“The classes were really important, because they gave us an idea of what to expect when the system went live,” Anthony says.

Still, there were challenges. Anthony recalls that using the system’s discharge navigator was the most tedious aspect of learning CPOE. The first discharge she had to process took her 90 minutes—a lot longer than it should have, she admits. Today, she handles three discharges in that time period. Forcing herself to practice, she says, was the key to overcoming the challenge, and the fear.

“I was doing it every day, and then it started to become easier,” she recalls. “It’s like anything else. Once you do it over and over, it becomes a part of you.”

Joining the team

In 2001, Montefiore Medical Center in the Bronx, NY, introduced CPOE to its inpatient units. Susan Sakalian, RN, BSN, OCN, a nurse in the center’s ambulatory oncology unit, recalls the stress her colleagues endured during the transition.

“It seemed like a very daunting task,” Sakalian says. “It seemed overwhelming. We, in the outpatient setting, felt a little safe and sheltered that we were still using paper and pencil.” That safe feeling lasted a few years, but in 2006, the oncology unit became the medical center’s fi rst foray into the ambulatory setting. “We couldn’t imagine how that could possibly work in our setting. We were defi nitely very scared about transitioning to that process.”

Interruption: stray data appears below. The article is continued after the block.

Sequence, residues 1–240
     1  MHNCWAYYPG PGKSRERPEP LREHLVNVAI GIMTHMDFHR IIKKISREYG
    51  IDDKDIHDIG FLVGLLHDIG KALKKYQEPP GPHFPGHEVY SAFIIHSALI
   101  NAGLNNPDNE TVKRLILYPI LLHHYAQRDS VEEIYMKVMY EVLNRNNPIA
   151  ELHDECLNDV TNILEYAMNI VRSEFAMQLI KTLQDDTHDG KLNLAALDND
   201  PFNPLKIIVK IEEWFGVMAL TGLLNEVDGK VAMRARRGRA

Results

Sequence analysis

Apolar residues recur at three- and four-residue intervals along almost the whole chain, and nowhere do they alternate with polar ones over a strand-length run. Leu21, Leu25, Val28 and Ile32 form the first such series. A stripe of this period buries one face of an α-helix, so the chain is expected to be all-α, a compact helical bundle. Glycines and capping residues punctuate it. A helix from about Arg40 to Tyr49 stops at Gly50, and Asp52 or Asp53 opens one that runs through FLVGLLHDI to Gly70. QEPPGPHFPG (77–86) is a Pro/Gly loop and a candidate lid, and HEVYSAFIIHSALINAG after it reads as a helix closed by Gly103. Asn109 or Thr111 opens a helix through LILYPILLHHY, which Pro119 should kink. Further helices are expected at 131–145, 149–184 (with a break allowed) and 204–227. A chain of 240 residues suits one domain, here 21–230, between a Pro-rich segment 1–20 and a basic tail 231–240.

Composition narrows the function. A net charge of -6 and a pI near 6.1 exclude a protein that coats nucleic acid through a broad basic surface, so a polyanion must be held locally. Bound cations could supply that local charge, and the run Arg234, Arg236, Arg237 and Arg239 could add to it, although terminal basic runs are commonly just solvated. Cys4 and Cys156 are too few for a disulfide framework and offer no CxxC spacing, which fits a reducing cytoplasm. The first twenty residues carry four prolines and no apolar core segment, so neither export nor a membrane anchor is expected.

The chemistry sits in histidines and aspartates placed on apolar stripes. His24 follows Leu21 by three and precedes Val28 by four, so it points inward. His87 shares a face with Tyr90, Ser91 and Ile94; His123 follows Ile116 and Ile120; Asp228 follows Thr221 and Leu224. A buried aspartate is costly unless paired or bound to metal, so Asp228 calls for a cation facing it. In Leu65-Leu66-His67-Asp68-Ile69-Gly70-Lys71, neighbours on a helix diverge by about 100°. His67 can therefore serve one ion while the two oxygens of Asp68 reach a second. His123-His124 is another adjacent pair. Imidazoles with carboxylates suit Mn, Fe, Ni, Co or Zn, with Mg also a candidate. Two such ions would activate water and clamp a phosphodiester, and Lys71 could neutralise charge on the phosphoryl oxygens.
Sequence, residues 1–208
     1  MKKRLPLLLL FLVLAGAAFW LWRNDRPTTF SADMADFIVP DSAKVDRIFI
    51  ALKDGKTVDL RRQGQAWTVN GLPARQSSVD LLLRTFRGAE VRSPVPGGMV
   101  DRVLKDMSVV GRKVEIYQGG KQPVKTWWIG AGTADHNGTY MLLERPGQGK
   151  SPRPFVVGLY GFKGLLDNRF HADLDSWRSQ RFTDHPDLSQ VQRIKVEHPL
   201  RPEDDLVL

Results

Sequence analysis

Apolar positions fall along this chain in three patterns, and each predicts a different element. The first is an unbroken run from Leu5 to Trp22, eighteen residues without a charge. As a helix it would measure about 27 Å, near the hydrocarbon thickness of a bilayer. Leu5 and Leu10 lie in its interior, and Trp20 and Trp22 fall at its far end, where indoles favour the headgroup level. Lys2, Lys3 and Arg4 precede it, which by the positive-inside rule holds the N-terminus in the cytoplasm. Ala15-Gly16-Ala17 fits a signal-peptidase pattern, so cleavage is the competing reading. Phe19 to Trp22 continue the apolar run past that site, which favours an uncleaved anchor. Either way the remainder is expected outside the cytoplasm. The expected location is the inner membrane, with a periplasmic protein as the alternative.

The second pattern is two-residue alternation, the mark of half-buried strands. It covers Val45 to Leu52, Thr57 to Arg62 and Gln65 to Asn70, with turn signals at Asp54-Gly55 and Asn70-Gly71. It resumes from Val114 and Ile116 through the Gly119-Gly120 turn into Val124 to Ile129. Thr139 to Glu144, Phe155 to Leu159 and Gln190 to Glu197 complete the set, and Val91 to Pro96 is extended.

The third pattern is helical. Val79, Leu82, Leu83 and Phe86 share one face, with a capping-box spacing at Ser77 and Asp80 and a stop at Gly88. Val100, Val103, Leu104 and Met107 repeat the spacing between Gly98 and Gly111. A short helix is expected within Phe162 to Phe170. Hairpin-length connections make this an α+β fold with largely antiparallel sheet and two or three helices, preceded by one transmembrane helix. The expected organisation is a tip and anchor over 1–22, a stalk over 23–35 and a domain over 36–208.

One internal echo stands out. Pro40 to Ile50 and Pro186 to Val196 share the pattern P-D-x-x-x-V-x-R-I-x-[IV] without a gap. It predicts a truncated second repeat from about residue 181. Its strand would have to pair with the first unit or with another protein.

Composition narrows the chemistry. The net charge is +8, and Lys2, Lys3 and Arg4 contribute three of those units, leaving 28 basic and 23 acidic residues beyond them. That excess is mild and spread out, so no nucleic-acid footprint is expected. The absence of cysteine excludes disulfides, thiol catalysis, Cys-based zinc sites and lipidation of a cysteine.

Sakalian, with 15 years of oncology nursing experience, was placed on the committee of clinicians and information technology specialists who worked on the transition to the CPOE system. That, she recalls, was the best thing that could have happened, because she was able to experience the transition step by step.

“The fear with anything like this is they’re just going to throw it in your lap and walk away,” Sakalian says. “Once we realized it wasn’t going to be that way, that nursing had a voice in this and it wasn’t just the technology people putting something in place and saying ‘Okay nursing, fi gure it out,’ it was a great experience. We had a lot of support from the technical side. They had people here with us for almost a month answering questions and helping the nurses navigate the system.”

Sakalian says it was also important that she and her colleagues were there for each other. Any time a problem cropped up, they were quick to share it with each other and work to develop a solution. They also drew on their experience as a unit that handled a lot of phase I testing of investigational drugs, and developed the same mindset that they were working with something new and needed to fi gure out how to use it safely. Th ere were challenges along the way, and a learning curve to overcome, but after about eight weeks of working with CPOE, it became second nature.